(Apple TV)

“Mrs. America” was so timely, even though it was a historical drama. I wondered if any aspects of the story resonated for you at all, particularly over the past year.

You don’t want the show to just be a lesson, you want it to be entertaining. You don’t want it to feel like homework. But for me, “Mrs America” achieved that because it was really emotional; it was really about relationships within the movement, and how much power and access the feminist movement had then. The simple fact is the ERA has still not been ratified. I thought I knew about feminism and its history. We all stand on the shoulders of those women.

In “Physical,” Sheila’s inner voice often contradicts what she is expressing outwardly. This is a device we tend to see in shows about women. Do you have thoughts about why that might be?

It’s true. Unfortunately, I just feel like we’re held to different standards, the pressure of always keeping it together and being able to do 50 things at once, but still present as being put together.

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Apple’s “The Morning Show” has come under fire for its clumsy handling of #MeToo, but it’s the first series to dramatize the movement’s thornier consequences.

I wanted to ask you about “Damages.” It was an early example of an ambitious TV drama about female characters. Do you look back on that as an important moment for your career?

It was a turning point in many ways, personally and professionally. We came out the same year as “Mad Men,” before every kind of app was also a streamer. So I feel honored I was part of that. [Costar] Glenn [Close] is one of the best; she works so hard. It was an incredible script that really examined a professional female relationship. Obviously it was a very heightened, thriller-like genre show, but I loved it. I think “Damages” is a bigger influence than people possibly know. When I see shows now, I see the residual effect it had creatively. I’m very proud of it.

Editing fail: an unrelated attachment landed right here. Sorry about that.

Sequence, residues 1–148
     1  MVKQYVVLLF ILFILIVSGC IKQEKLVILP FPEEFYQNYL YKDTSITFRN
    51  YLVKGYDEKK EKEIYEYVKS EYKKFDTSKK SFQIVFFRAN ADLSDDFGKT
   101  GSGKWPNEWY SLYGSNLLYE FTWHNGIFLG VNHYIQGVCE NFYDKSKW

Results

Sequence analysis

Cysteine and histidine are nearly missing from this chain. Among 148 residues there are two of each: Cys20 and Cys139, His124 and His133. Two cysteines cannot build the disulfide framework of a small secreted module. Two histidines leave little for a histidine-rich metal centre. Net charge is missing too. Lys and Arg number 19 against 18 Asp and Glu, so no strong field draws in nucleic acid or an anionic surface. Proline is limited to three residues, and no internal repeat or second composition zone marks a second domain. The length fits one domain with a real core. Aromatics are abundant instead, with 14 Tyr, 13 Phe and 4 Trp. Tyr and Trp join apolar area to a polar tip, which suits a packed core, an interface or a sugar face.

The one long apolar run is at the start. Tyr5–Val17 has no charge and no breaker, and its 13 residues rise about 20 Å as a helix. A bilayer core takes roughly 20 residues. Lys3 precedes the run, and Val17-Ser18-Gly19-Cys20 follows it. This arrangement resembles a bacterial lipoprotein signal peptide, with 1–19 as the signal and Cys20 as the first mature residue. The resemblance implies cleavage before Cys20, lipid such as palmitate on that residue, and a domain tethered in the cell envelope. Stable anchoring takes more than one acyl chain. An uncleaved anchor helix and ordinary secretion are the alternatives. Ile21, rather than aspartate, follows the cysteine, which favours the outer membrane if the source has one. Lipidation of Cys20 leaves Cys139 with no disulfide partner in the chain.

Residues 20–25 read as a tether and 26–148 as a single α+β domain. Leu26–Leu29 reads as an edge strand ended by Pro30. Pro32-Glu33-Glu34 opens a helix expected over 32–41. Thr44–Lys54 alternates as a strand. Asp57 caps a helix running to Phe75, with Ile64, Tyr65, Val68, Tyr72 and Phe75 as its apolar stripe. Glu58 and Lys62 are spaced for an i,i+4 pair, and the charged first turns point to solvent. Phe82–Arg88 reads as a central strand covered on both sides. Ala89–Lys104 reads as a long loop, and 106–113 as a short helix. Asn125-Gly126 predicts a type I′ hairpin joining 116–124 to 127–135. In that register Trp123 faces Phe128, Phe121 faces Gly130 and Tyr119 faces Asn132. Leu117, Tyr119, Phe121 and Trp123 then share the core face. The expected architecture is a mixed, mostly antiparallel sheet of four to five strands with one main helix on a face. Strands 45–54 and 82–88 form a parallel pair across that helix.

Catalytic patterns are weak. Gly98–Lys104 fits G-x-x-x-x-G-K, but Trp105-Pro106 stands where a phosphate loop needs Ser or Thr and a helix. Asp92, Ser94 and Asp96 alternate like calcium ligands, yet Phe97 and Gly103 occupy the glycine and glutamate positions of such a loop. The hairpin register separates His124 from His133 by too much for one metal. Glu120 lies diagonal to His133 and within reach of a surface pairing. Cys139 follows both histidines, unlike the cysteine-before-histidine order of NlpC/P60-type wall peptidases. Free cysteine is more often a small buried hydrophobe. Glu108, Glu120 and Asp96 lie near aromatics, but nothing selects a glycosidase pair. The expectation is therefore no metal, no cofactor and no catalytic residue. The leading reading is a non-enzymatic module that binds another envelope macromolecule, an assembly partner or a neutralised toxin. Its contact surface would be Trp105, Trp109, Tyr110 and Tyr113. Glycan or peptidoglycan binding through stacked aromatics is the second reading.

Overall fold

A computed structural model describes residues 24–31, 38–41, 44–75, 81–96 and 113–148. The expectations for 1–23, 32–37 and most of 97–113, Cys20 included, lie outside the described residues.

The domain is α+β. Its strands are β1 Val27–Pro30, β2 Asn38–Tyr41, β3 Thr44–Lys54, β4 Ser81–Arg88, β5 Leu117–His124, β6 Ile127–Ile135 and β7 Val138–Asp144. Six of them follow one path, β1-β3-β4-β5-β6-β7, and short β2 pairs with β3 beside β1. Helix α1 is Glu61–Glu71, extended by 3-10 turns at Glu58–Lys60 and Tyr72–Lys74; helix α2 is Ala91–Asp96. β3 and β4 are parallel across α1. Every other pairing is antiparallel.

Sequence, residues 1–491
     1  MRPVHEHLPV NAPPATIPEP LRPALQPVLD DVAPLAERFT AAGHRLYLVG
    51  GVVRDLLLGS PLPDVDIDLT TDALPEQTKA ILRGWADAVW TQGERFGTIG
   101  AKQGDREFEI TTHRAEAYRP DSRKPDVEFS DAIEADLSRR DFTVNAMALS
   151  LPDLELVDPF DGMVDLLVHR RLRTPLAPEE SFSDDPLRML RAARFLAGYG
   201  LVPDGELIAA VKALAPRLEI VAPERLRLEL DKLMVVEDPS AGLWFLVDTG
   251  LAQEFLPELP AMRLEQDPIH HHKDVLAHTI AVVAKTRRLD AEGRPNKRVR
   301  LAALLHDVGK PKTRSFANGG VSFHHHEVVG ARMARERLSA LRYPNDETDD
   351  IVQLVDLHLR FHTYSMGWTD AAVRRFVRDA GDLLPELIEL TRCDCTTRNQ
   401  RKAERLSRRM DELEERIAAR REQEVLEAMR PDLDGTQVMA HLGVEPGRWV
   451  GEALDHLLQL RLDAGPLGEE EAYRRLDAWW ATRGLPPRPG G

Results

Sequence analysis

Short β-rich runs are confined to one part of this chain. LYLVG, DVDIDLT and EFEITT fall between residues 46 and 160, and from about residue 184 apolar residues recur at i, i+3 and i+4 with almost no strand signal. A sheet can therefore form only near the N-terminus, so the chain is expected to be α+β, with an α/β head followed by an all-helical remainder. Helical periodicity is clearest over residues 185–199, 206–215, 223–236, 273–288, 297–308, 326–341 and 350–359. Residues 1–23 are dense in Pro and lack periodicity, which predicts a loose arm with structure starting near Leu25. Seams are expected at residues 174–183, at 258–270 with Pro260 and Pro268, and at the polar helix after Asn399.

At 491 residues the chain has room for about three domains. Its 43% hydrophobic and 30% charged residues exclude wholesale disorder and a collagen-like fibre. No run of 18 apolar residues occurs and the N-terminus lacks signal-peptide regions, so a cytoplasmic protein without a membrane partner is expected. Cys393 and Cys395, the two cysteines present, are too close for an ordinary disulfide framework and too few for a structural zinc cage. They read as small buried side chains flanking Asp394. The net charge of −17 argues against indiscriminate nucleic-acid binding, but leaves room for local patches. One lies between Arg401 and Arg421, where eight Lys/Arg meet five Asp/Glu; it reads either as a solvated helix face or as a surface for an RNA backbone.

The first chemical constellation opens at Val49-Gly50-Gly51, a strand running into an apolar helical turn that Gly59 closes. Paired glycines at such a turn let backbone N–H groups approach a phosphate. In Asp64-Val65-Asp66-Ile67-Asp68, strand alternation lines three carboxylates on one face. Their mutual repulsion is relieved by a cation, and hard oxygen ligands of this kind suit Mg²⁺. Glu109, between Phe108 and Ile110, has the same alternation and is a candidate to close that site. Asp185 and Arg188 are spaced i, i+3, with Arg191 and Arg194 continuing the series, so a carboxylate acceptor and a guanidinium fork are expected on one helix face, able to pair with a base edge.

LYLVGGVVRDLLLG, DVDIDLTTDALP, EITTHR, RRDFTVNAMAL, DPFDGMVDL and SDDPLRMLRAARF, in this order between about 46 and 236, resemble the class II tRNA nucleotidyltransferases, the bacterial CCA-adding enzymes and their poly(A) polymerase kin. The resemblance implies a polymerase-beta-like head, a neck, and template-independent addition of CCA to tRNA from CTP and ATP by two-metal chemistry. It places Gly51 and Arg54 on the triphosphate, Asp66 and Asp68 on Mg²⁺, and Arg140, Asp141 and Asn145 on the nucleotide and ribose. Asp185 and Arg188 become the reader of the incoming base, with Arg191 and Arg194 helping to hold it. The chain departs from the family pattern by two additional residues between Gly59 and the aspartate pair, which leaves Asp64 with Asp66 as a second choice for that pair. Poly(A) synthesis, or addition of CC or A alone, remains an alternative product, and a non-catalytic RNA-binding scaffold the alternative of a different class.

Do you think it hasn’t gotten enough credit?

I personally do. I feel like it was quietly kind of groundbreaking. I love being a part of that. It’s all timing, right? The same with “Mrs. America” — that was such a reflection on the administration that we had last year and the timing of these shows actually being made and financed. You look at something like “I May Destroy You,” which I was floored by. It’s truly groundbreaking. And that wouldn’t have been made five years ago, 10 years ago. Annie wrote this script [for “Physical”] eight years ago. It’s not one monolithic experience, being a woman. It’s exciting now to see those stories being told.